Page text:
The Worst Fictional Basketball Dads of All Time

From Michael Shannon to Denzel Washington, B-Ball Fathers Who Did Not Receive #1 Dad Mugs

By Najib Benouar ·
Basketball brings people together.

It incites madness during March.

It makes teenagers drop out of college after only one year to become millionaires.

And it can make for a really complicated father-son dynamic.

The new indie flick Wolves reminded us of just that. The movie follows the same age-old tale of a high school baller trying to get recruited to college while his father—this time played by demon-battling journeyman Michael Shannon—manages to gamble away the kid’s tuition money, turns to booze instead of fessing up and is otherwise a shitty paterfamilias. He’s not the first, nor will he be the last, in a long line of fathers in basketball movies who just can’t help but make their preternaturally gifted spawn’s life harder than it has to be.

But is he the worst of ’em? Let’s find out.

The Dad: Lee Keller
The Movie: Wolves
Why He Was So Bad: He squanders the tuition fund behind his wife and son’s backs on a few sure bets that don’t pan out. There’s not even enough money left for the kid’s second semester of senior year at his private high school now. So college is only an option on a full-ride basketball scholarship—which means his kid’s entire basketball career is now on the line. Plus, there are bookies and the school’s comptroller shaking him down. He takes up the bottle to cope. All of which heaps more and more pressure on his son, who’s about to crack under the microscope of college recruiters.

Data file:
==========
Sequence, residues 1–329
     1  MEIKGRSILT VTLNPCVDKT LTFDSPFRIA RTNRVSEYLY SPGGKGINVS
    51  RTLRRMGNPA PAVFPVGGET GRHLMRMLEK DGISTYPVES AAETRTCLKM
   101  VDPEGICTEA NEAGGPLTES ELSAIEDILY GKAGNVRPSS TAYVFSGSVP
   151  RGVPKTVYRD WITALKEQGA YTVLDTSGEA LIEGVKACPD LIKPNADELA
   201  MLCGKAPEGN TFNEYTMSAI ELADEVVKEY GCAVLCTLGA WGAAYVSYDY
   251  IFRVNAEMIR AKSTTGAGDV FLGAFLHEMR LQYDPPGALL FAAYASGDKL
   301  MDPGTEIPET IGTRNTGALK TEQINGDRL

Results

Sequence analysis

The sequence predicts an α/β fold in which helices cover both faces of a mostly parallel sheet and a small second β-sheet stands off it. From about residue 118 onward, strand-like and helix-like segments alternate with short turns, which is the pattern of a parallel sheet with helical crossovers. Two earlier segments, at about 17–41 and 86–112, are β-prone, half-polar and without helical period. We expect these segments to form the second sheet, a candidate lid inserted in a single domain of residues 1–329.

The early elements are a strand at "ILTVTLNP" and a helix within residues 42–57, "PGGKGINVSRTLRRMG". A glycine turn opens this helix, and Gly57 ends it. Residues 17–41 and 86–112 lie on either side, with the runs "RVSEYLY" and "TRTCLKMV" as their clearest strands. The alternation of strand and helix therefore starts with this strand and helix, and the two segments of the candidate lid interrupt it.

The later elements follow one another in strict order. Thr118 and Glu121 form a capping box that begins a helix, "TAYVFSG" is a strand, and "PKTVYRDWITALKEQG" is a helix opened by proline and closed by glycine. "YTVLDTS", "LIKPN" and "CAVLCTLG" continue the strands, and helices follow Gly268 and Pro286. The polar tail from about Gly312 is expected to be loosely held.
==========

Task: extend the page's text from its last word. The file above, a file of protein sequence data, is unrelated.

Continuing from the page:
Does That Make Him the Worst: For a relative newcomer, this guy is already in the conversation for worst. The booze, the gambling, the lies. All of it directly affects and is directly connected to his son’s well-being and success. He’s almost the worst, but guess what, there are worse. We’ll get there.

The Dad: Shooter Flatch
The Movie: Hoosiers
Why He Was So Bad: Dennis Hopper plays the washed-up basketball dad whose glory days are behind him, but it still haunts him that he never made anything of himself. The potent cocktail of disappointment, frustration and small-town malaise turns him into the village drunk. Everyone still likes him, though, because he was the hometown hero—they all still call him “Shooter,” so you know he was legit—and they give him a job as an assistant coach for his alma mater, Hickory High, where his son is the current star. He keeps straight for a while, but falls off the wagon, and it’s obvious that it’s embarrassing and worrying to his son and a distraction to the team. They get him some help and put him in a hospital where he can listen to the team’s games on the radio while on the mend. Things seem to be looking up for him by the end of the movie.
Does That Make Him the Worst: Definitely not. Alcoholism is a terrible thing, and you can tell his heart is in the right place even if he seems uneasy vicariously reliving his squandered potential through his son.

The Dad: Air Bud
The Movie: Air Buddies
Why He Was So Bad: After an unprecedented run of mastering basketball (Air Bud), football (Air Bud: Golden Receiver), soccer (Air Bud: World Pup), baseball (Air Bud: Seventh Inning Fetch) and, finally, volleyball (Air Bud Spikes Back), Air Bud has finally decided to settle down with Molly and they have a litter of Buddies. Or not. Air Bud immediately abandons his pups to go play some b-ball. He then gets himself kidnapped. Then he somehow gets his pups kidnapped. All are taken to wine country to become the pets of an eccentric rich person who likes wine and celebrity-athlete dogs. Air Bud manages to escape and rescue everyone, but not without incident: his son Budderball gets dunked in a wine barrel and becomes visibly drunk.
Does That Make Him the Worst: He’s a dog, so he’s already working at a disadvantage, but it seems like he was trying to do his best with those rascally pups. Not the worst.